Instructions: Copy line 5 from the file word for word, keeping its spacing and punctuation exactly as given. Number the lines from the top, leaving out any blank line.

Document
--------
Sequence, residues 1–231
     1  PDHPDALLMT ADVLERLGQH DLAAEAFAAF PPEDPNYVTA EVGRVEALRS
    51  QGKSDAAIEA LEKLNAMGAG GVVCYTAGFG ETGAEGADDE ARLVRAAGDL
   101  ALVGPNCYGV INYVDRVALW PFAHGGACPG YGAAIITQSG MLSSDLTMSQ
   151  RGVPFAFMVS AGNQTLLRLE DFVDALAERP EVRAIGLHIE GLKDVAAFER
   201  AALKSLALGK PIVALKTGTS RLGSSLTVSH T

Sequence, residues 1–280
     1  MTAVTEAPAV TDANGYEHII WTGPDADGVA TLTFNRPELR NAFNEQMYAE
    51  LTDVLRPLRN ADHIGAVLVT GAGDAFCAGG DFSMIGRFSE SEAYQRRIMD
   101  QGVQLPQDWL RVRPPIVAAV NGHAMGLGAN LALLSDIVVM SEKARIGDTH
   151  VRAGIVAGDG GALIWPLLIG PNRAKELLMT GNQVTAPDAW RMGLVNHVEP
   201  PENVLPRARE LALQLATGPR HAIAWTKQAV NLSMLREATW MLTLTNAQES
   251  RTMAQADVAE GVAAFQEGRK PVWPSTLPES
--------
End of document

   151  RGVPFAFMVS AGNQTLLRLE DFVDALAERP EVRAIGLHIE GLKDVAAFER